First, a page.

chorioretinal atrophy, lattice degeneration,
lacquer cracks, posterior staphyloma, Fuchs’
spot, retinal breaks, retinal detachment, reti-
noschisis and posterior vitreous detachment.
The risk of visual loss signiﬁcantly increases
with these changes.
The prominent role myopia has in blind-
ness is yet to be ofﬁcially recognised by major
© 2015 Optometry Australia Clinical and Experimental Optometry 98.6 November 2015
bodies such as the WHO, International
Agency for the Prevention of Blindness or
the National Eye Institute in the US. It is
hoped that the recent WHO meeting in Syd-
ney will see this change in attitude toward
CURRENT INTERVENTIONS FOR
CONTROL OF MYOPIA
Several optical, pharmacological and behav-
ioural interventions have shown promise in
controlling myopia but generally require fur-
ther investigation, clinical evaluation and/or
improvement in performance.
Spectacle interventions tested include ex-
ecutive bifocal lenses, progressive addition
lenses and lenses designed to reduce periph-
eral retinal hyperopic defocus. The most suc-
cessful of these has been executive bifocals
with near prism providing a 51 per cent re-
duction in the rate of progress of refractive
error and 34 per cent for axial length.
other option is orthokeratology, which has
also shown promise at 40 to 50 per cent re-
duction in axial length growth,
one long-term (ﬁve years) study observed a
decrease in control of myopia over time
(years four and ﬁve), averaging a 30 per cent
reduction over the ﬁve years.
Pharmacological agents that have demon-
strated an ability to slow myopic progression
clinically include: pirenzepine
both of which have reported side ef-
fects. The higher concentrations of atropine
such as 0.5% and 1.0% produce side-effects,
such as ﬁxed pupils, loss of accommodation
and potentially allergic reactions, with a re-
bound effect observed after cessation of treat-
Low-dose atropine (0.01%) is
proving to be the most effective and com-
monly prescribed in Asia, with a 49 per cent
reduction in myopic progression
side-effects, although the lack of effect on ax-
ial elongation is puzzling. Tablets containing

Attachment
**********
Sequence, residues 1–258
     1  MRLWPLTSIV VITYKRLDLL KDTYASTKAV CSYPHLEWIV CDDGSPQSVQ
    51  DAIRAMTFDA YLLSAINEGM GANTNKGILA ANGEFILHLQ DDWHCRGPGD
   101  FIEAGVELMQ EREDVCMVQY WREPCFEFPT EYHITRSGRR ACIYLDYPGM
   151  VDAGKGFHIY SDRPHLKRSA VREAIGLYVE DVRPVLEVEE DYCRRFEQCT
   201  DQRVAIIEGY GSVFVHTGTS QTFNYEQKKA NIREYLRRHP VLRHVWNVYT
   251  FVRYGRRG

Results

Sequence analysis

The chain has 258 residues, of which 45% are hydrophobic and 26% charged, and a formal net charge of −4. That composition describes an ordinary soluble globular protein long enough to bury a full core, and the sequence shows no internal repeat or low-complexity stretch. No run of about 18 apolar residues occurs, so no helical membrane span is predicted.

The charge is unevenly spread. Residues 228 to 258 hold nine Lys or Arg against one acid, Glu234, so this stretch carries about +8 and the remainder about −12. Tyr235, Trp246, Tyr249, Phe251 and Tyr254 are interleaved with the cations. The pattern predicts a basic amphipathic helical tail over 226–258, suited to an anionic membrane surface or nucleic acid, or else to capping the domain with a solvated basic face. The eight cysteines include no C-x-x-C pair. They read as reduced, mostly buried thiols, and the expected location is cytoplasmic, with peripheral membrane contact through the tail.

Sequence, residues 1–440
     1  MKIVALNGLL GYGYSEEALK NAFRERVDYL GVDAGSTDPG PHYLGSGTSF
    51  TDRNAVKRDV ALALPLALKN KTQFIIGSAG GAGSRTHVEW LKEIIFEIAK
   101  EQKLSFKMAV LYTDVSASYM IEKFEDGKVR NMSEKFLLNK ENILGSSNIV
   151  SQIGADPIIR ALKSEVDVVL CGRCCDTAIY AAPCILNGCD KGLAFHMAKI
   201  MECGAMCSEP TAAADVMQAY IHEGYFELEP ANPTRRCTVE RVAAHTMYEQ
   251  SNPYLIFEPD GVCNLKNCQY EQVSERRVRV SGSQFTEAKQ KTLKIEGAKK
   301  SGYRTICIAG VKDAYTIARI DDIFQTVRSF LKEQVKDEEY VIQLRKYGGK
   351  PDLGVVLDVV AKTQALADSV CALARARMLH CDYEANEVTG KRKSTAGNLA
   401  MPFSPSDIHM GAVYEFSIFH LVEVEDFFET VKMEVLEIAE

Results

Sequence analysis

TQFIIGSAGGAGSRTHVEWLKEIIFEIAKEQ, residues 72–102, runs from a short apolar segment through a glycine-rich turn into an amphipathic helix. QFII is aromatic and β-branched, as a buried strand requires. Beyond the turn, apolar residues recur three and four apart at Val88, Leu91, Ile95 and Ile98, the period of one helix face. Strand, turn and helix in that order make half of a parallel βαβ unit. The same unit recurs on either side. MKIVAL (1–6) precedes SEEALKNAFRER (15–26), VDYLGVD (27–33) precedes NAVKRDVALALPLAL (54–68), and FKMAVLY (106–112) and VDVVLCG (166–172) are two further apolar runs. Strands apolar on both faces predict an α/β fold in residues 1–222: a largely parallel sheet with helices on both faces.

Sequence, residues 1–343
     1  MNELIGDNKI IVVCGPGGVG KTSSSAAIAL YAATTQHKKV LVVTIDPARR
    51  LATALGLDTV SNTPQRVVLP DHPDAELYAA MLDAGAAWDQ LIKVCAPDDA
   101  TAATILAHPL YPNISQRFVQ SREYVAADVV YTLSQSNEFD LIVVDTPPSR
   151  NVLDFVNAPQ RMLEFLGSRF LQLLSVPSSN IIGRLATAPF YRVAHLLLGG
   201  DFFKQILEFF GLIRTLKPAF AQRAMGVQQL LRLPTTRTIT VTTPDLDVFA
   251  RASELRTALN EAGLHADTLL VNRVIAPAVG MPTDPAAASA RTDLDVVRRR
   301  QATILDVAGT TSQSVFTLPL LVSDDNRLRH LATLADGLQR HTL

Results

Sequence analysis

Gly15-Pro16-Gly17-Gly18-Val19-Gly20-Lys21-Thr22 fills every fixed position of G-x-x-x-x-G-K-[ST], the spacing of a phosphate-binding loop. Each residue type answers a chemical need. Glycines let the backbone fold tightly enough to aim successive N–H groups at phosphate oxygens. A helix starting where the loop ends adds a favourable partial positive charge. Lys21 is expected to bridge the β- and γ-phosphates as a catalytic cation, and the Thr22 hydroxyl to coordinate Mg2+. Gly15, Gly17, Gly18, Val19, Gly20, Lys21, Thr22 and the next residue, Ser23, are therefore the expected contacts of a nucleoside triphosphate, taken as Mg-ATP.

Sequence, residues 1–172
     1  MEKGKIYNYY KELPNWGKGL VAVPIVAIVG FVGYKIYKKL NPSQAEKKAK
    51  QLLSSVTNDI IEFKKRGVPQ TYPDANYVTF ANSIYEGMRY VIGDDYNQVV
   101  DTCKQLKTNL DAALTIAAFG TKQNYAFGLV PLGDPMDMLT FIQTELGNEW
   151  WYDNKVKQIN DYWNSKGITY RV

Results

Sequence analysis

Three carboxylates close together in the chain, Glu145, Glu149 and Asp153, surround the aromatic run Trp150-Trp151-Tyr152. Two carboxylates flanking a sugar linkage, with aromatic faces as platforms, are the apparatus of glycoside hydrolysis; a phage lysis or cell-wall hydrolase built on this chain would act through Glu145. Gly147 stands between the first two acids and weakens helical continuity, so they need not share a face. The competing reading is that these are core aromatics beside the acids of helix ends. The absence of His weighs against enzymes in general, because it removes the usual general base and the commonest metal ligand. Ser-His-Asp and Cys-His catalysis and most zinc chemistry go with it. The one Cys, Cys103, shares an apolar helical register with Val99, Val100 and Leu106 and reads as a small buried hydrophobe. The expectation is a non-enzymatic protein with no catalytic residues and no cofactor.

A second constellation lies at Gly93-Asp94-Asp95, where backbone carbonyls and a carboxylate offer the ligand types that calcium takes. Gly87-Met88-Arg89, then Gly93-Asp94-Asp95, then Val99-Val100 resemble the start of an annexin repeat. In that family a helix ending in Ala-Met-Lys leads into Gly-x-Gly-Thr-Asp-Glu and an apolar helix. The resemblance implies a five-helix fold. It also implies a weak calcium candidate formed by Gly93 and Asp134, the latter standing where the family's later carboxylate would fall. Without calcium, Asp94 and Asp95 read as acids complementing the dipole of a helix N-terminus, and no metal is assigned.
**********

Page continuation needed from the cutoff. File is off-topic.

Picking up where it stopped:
7-methylxanthine have been reported to re-
duce progression by 66 per cent, by causing
scleral collagen thickening and proliferation
but longer-term studies are needed.
have found that in-
creased time outdoors (light exposure) is pro-
tective against myopia and is being widely
tested. Further to this, it appears progression
is slower during summer months, suggesting
that light may play a role.
At the moment, the best approach may be
a combination of interventions, but evidence
is needed on interventions that work
What is heartening, is that a model based
on the data of Vitale, Sperduto and Ferris
and assuming a 50% reduction in the rate of
progression of myopia (commencing treat-
ment at the age of seven years) would result
in almost 90% per cent fewer high myopes
(5.00 D or more).
This would substantially
reduce the risks of sight-threatening compli-
cations of myopia later in life.
LAUNCH OF THE ‘MYOPIA INSTITUTE’
What we do know is that we need to ring the
alarm bell now and co-ordinate our efforts
and resources to bring this issue to the atten-
tion of the world. Outside of Asia, myopia is
not generally regarded as a public health issue.
To build on the momentum generated by
the WHO-BHVI Global ScientiﬁcMeetingon
Myopia, we are launching ‘The Myopia Insti-
tute’in the near future –aglobalcollaboration
of researchers, public health specialists, op-
tometrists and ophthalmologists, to deliver
the knowledge and information needed to
inform the world about the global challenge
of myopia (http://www.optometry.org.au/
This ‘virtual organisation’will investigate
and report on evidence-based strategies for
reducing visual impairment and blindness
caused by myopia. It will provide evidence
for governments, professionals, teachers, chil-
dren and society in general, on the nature of
the potential adverse inﬂuence of myopia on
health, education, social and economic wel-
fare and vision.
WHAT ROLE FOR OPTOMETRY?
Optometry should be on the frontline of this
battle. It not only has a responsibility to pro-
vide the best care to patients but to remain in-
formed about epidemiological trends and
understand the latest range of treatment op-
tions for progressive myopia. Optometry
should also be assuming a leading advocacy
role in raising awareness about this threat, de-
signing broad-based programs and assuming
the position as the profession that can
provide the solutions. We have professional
bodies, non-government organisations and
research and educational institutions to un-
dertake much of the formal advocacy work
and we need to engage with and contribute
to these. Control of myopia brings a broader,
therapeutic commitment to controlling re-
fractive errors and thereby better serves the
eye-care needs of all people, especially
children. Myopia brings a threat but at the
same time, an inspiring challenge that we
can meet at the individual level.